Tumanic, formerly vice president and managing principal of Unisys operations, will assume the new post Monday, Mission Critical Linux chief executive Moiz Kohari said in an interview.
"Our growth curve is going to look like a hockey stick," Kohari said, referring to the steep acceleration of revenue computing companies strive for. "Bob has the type of experience to manage revenue expectations and manage the internal organization and get the sales channels set up right."
Mission Critical Linux, a Lowell, Mass., company, which received a $20 million investment in June from General Atlantic Partners, sells Linux systems and services to large companies that need systems that won't crash. The company is populated by numerous former Compaq Computer employees.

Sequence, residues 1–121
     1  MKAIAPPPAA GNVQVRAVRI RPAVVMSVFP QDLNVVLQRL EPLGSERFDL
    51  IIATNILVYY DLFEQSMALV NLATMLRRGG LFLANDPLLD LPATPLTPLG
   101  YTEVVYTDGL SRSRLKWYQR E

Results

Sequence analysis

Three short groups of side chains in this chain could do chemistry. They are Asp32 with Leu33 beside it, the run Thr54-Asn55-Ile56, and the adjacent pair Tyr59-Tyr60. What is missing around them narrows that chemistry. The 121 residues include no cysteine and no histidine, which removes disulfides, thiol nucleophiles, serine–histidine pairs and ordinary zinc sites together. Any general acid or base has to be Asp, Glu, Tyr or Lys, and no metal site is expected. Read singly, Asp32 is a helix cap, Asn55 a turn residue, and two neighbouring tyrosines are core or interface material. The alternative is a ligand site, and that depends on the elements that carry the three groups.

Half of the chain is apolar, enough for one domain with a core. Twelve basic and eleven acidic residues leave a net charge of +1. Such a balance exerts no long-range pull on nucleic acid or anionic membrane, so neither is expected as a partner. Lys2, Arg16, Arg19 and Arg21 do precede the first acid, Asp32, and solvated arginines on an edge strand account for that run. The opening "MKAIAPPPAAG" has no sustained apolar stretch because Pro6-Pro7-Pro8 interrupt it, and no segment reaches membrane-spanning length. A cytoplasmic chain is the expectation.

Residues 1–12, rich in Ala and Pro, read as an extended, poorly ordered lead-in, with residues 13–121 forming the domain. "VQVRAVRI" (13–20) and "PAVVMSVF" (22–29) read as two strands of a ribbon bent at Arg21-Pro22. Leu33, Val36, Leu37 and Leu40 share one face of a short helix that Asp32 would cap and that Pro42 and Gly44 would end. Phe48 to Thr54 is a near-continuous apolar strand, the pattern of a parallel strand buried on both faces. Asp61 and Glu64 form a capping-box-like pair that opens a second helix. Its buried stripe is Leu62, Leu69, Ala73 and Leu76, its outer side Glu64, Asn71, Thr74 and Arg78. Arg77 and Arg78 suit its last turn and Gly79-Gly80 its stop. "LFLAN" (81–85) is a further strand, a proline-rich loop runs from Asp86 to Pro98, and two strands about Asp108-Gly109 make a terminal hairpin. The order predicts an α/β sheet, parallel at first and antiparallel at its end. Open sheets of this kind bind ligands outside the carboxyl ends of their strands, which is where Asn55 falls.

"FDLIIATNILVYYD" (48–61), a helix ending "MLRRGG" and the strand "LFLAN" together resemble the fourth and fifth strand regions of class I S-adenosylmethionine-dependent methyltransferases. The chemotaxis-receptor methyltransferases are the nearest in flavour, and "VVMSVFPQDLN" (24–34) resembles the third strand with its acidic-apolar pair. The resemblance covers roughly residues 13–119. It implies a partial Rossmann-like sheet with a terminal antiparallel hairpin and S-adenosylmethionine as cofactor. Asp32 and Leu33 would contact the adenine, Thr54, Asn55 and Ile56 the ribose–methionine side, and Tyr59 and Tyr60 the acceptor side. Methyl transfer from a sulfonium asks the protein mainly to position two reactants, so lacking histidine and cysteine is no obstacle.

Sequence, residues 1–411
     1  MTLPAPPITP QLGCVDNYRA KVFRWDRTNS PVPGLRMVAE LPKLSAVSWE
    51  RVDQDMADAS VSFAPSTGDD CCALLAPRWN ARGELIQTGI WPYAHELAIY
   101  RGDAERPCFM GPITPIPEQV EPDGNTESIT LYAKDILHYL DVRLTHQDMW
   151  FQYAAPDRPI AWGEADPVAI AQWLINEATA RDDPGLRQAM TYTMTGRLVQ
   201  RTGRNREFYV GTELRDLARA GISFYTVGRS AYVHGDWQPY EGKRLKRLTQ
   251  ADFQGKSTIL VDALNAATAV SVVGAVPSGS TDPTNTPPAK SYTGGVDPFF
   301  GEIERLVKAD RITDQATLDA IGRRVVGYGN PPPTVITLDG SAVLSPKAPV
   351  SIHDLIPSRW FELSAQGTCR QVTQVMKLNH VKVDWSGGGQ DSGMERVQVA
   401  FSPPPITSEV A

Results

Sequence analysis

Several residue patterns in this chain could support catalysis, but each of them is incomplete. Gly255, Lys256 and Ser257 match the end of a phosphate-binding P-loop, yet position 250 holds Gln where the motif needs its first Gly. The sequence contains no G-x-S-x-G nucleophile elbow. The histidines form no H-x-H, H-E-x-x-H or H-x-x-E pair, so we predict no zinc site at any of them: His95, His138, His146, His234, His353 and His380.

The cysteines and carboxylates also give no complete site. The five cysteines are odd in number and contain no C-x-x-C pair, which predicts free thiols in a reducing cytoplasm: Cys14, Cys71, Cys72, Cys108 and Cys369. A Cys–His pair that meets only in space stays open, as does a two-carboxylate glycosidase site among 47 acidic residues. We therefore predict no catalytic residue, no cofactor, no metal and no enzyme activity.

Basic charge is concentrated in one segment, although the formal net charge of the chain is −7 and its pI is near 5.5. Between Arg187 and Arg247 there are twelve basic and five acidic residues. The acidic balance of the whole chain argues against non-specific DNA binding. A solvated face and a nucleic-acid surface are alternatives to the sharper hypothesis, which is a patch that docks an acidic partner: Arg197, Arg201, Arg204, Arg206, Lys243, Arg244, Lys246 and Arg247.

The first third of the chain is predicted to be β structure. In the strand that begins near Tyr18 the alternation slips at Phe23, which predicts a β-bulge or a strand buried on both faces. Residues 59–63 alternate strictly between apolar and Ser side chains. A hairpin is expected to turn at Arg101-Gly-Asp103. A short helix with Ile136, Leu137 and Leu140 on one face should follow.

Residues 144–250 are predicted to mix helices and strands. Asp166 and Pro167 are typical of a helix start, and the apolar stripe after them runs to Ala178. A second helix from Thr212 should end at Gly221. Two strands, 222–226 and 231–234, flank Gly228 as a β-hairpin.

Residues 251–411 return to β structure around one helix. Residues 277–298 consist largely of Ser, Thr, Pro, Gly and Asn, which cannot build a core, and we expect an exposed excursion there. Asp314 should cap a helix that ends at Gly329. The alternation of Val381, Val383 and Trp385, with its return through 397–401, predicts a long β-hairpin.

"We have million-dollar contracts starting to come in," boasted Kohari, saying the company has wrestled some accounts from Red Hat and Linuxcare. In the long run, though, the company will compete with much larger companies, such as IBM, EDS and Hewlett-Packard, he said.
Tumanic spent five years at Unisys and before that was a partner at Deloitte & Touche in Chicago.
Mission Critical Linux, with about 100 employees, has enough money to run for 18 months, Kohari said. "The way things are moving, definitely don't be surprised if we show profitability in the next 21 months," he added.
Co-founder Steve Austin had been COO but now will become senior vice president of engineering, "which is really his forte," Kohari said.